Management challenge                                                               performance plan
DOT faces several challenges in implementing the Government                      None. The plan identifies the Department’s
Performance and Results Act. Many of DOT’s performance outcomes, such implementation of the Results Act as a management
as improved safety, a reduction in fatalities and injuries, and                  challenge and mentions activities to address the issue.
well-maintained highways, depend in large part on actions by other federal
agencies, states, and the transportation industry. Their assistance will be
critical in meeting DOT’s goals, which were developed under the Results
Act. DOT’s ability to achieve its goals will also be influenced by the effective
utilization of human resources.

                                               a
                                                A runway incursion occurs when an aircraft, ground vehicle, or person enters or crosses a
                                               runway that is in active use for takeoffs or landings without adequate separation from aircraft
                                               cleared to use the runway.
                                               b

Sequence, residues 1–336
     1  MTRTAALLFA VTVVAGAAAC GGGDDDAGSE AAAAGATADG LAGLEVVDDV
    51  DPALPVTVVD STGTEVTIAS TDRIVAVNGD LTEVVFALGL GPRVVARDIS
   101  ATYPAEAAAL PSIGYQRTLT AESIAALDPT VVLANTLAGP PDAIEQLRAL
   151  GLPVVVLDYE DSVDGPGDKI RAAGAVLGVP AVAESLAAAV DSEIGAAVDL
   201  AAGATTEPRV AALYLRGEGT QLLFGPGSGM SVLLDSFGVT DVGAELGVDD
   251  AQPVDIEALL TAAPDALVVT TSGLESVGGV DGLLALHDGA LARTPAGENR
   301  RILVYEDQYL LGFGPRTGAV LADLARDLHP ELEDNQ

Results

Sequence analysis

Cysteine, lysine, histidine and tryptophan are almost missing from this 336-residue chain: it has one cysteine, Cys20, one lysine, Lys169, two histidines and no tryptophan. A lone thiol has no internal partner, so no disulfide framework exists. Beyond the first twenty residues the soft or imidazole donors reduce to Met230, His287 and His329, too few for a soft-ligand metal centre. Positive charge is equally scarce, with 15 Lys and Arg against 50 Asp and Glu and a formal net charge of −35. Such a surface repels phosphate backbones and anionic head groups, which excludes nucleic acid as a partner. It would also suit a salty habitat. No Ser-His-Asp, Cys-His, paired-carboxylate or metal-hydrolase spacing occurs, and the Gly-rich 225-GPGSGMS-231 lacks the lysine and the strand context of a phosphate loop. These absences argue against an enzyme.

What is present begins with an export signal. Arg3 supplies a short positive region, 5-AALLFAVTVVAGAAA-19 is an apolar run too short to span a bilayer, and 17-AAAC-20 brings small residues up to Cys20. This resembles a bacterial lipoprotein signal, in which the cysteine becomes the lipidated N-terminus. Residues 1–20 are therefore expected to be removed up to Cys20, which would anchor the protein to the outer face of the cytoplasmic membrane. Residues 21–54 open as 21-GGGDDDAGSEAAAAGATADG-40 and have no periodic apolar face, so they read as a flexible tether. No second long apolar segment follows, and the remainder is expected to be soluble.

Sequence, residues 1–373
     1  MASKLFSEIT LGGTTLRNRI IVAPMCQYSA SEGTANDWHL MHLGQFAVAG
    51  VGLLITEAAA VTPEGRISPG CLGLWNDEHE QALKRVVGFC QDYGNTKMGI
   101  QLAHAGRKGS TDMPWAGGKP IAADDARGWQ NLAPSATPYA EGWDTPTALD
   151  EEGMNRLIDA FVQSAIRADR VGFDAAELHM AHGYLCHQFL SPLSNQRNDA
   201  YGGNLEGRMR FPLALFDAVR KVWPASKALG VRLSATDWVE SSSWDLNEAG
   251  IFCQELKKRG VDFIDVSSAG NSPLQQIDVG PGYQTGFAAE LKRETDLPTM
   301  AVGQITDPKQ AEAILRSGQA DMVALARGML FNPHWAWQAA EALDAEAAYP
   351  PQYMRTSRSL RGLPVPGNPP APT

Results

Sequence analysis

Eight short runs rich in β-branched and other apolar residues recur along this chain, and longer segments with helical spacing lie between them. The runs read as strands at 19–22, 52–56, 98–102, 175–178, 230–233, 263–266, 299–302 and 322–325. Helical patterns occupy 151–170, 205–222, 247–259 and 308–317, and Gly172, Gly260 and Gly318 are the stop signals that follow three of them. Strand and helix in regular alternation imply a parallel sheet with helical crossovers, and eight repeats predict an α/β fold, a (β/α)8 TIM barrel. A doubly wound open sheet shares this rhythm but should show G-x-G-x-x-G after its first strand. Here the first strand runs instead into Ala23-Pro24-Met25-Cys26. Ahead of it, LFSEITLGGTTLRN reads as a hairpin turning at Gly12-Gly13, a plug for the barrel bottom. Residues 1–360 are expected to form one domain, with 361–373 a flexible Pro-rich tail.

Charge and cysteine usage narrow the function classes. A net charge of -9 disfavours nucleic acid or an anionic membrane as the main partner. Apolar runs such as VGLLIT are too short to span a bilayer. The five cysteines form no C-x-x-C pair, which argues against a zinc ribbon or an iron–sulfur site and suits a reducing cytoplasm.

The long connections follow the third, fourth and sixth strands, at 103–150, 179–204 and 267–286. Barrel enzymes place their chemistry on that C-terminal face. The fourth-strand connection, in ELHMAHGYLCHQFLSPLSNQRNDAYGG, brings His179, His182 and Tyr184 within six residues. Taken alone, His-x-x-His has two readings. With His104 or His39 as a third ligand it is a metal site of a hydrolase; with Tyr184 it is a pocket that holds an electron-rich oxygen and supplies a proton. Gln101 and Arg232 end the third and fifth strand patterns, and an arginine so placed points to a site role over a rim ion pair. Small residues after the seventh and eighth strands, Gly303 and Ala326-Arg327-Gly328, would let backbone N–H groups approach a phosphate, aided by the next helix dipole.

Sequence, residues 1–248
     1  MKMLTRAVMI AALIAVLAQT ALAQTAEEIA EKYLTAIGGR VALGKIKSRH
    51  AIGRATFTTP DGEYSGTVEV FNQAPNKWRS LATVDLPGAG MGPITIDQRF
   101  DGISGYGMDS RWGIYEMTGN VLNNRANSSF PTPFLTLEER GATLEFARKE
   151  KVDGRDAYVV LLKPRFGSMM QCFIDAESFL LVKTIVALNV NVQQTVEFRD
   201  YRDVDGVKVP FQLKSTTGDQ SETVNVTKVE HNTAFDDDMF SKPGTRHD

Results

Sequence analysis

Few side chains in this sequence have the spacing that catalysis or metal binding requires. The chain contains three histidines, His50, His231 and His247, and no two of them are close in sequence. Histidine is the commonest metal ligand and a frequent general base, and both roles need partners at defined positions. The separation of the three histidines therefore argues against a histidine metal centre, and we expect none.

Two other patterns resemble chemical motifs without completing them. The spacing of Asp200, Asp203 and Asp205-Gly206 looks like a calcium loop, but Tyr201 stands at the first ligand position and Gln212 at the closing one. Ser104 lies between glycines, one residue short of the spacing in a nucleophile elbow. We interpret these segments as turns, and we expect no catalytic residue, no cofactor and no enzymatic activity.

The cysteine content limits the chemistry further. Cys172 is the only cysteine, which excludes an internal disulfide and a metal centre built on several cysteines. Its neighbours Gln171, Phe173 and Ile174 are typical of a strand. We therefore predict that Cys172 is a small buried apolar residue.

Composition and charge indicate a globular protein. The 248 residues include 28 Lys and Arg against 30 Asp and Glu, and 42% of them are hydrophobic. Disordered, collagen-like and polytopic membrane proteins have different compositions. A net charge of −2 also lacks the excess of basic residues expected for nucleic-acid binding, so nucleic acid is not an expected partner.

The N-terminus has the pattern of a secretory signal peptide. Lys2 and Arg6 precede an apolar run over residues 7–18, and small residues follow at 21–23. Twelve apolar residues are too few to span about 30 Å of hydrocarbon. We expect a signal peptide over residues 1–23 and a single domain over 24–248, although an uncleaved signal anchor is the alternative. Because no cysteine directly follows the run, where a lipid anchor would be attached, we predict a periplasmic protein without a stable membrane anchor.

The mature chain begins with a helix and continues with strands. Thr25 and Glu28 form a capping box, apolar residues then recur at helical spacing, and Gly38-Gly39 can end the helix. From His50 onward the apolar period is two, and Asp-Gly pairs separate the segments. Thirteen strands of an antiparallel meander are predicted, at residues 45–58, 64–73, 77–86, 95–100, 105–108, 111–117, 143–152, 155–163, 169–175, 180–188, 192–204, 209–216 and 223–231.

Pilots using instrument procedures rely on air traffic controllers’ instructions to guide them. When
                                               aircraft are allowed to violate these separation standards, an operational error occurs. When
                                               aircraft are allowed to penetrate airspace that has not been precoordinated for that aircraft’s use,
                                               an operational deviation occurs.
                                               c
                                                Presidential Decision Directive 63, Critical Infrastructure Protection, requires the federal
                                               government to achieve and maintain the ability to protect our nation’s critical infrastructure by
                                               2003.




                                               Page 19                             GAO/RCED-99-153 DOT’s Fiscal Year 2000 Performance Plan
Appendix II

Major Contributors to This Report


                        Janet Barbee
Resources,              Tina Kinney
Community, and          Lewison Lem
Economic                Teresa Spisak
Development Division
                        Laura Castro
Accounting and          John Fretwell
Information             Elizabeth Martinez
Management Division     Colleen Phillips

                        Helen Desaulniers
Office of the General
Counsel




(348166)                Page 20              GAO/RCED-99-153 DOT’s Fiscal Year 2000 Performance Plan